Teaching Kids to Ask Questions That Matter
How can we encourage students to develop their own questions? And, once they create them, what’s next? Jackie Walsh explored these questions in a recent Corwin webinar – Archived here. And see all of our articles by Walsh here.)
By Jackie Acree Walsh
What’s the one best way to enhance student engagement and excitement for learning, academic achievement, and citizenship in our democratic society?
That’s a challenging agenda, I know. But I’m convinced the answer is to develop kids’ capacity as questioners by strengthening the skill, nurturing the will, and creating an environment where learners experience the thrill of asking questions that matter.
While some educators might argue (with some justification) that students would ask questions if teachers would only allow it, most of us would agree that students benefit from learning the what, why, and how of questions, all of which contribute to their skill. Here’s a refresher.
Questions Come in Four Flavors
Four question types serve distinct functions in student learning and offer a teacher-tested frame for developing skills.
► Self-questions, posed silently to guide one’s learning and begin the process of personal meaning-making, strengthen students’ metacognitive functioning. These questions enable self-regulation—What are my learning goals? Where am I now in learning progression? What strategy will work best for me? Questions that support student comprehension while reading or problem-solving also fall into this category.
► Academic questions, asked aloud as students work to master daily learning targets, sound like: What does the author mean _____? Can you provide an example of ______? What contributed to ______?
► Exploratory questions, borne out of student curiosity, express student wonderings and puzzlements and both fuel the drive for new learning and lead students to new ways of thinking, to innovating and creating. These inquiries often begin with: What if ____ ? Can you imagine____ ? How might ____ ? I wonder why ____.
► Dialogical questions, motivated by the desire to get behind different points of view or interpretations, open up conversations that deepen understandings of academic content, or (very importantly) of the perspectives and beliefs of those who think differently. Prompts include: What led you to this conclusion ____? What makes you say that? Can you share an experience that reinforced this way of thinking? Is there another way of thinking about ____?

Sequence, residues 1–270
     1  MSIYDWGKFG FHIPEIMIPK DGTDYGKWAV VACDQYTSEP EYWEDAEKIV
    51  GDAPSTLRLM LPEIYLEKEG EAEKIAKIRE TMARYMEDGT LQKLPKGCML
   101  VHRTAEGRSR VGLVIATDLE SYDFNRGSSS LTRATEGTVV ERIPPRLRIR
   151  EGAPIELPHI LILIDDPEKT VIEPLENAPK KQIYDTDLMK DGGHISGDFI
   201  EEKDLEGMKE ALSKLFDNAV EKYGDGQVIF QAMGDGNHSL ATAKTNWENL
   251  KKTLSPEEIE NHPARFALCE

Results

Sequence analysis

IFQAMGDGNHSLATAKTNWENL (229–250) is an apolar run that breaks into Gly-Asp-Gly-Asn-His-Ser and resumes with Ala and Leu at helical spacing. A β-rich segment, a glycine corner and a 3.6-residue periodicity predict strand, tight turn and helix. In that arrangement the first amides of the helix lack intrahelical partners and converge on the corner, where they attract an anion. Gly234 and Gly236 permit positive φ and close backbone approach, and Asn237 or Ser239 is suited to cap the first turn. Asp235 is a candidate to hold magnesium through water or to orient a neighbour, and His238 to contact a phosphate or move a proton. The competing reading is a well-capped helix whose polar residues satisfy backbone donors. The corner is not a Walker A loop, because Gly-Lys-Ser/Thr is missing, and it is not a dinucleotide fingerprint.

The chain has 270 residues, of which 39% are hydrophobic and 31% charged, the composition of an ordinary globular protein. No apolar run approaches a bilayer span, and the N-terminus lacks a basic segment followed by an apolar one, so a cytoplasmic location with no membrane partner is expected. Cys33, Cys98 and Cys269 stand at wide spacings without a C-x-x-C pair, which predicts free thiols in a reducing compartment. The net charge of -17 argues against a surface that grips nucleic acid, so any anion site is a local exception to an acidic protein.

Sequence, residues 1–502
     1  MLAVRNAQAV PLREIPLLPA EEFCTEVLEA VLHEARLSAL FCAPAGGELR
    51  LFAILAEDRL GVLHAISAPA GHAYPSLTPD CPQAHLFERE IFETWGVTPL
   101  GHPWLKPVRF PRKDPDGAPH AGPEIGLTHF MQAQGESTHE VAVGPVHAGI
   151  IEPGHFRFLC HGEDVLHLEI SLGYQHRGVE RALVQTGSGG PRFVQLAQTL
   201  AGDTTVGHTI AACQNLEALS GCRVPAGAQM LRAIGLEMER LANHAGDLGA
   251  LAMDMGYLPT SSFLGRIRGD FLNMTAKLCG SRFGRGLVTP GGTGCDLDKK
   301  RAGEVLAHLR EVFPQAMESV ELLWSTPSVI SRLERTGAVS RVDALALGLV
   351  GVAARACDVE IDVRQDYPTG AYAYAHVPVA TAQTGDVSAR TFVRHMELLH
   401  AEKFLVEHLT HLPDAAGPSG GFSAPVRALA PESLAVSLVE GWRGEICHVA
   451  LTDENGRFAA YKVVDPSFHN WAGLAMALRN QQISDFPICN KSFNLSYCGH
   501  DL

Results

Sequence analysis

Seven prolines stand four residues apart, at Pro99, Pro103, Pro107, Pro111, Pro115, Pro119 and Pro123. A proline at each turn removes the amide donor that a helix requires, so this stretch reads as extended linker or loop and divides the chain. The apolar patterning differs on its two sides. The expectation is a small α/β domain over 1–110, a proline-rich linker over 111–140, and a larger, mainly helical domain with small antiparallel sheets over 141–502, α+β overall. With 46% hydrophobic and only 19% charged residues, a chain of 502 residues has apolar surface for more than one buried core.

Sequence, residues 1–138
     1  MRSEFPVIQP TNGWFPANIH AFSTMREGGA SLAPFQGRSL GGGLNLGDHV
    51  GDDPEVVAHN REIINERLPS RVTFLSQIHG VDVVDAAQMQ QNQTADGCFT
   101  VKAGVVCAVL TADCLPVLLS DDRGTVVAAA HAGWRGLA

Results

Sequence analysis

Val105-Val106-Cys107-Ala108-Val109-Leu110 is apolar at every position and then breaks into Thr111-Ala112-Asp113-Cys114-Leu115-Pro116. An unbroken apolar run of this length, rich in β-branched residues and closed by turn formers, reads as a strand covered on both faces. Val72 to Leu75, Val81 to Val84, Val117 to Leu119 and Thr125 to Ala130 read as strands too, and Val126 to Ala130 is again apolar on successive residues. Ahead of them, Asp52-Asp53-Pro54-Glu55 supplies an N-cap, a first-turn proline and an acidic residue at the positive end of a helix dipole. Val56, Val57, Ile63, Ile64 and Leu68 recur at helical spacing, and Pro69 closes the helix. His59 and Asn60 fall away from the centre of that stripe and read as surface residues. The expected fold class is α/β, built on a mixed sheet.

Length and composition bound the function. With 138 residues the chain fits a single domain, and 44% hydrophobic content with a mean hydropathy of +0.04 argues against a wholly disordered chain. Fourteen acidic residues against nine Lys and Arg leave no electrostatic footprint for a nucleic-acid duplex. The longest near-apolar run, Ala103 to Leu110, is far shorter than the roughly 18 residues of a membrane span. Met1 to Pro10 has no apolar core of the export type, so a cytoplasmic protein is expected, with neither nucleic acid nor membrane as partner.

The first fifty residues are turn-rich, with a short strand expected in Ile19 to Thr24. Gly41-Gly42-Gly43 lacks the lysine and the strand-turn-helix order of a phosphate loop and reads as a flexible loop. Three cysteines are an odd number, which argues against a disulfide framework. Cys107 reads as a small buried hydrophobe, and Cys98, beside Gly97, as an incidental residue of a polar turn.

Students need to know both when and how to form and ask questions from each of these categories.
Nurturing Skill, Will, and – Thrill!
Among the strategies for developing student SKILL are (1) teacher modeling with think-alouds; (2) provision of tools including criteria for forming and assessing questions, sample prompts and stems; (3) identification and use of appropriate routines and protocols to scaffold practice, and (4) structured opportunities for reflection and peer feedback.
Students may possess the skill for forming questions, but lack the WILL – the confidence, the motivation – to do so. Impeding student will is the traditional student role: Students are to answer, not ask, questions.
I advocate explicit teaching of new mindframes that convey the value of asking questions. For example, to encourage academic questioning, spend time helping students unpack and make personal meaning of this mindframe: I form and ask questions to clarify and deepen my understanding of academic content.
Introduce similar mindframes for other question types, post these, and reference during daily lessons when appropriate. Pause during lessons to afford students time to reflect and form questions. Encourage the recording of questions in journals or on public charts and pause during explicit instruction (think time 2) to allow questions.
Most importantly, use student questions to structure lessons. Support students as they work individually and collectively to pursue their questions by assisting in identification and use of reliable resources for research. Help them refine their questions to guide class dialogue. All of these teacher gestures communicate respect and show we value student questions, which serves to strengthen student will to accept this new role.
A class environment nurturing the THRILL for questioners emerges when students know their questions are charting their learning journey because questions are more highly valued than answers. The thrill heightens as their questions lead to aha moments that are celebrated by competent, confident members of a classroom community brimming with inquirers.
Jackie Acree Walsh, Ph.D., is an author and consultant focusing on quality questioning. Jackie is co-author of five books including Quality Questioning, 2nd Edition (Corwin Press). Her new book Empowering Students as Questioners: Skills, Strategies, and Structures to Realize the Potential of Every Learner was published by Corwin in February 2021.
Jackie is also senior consultant for the Alabama Best Practices Center and for its Key Leaders and Powerful Conversations professional learning networks. She lives in Montgomery.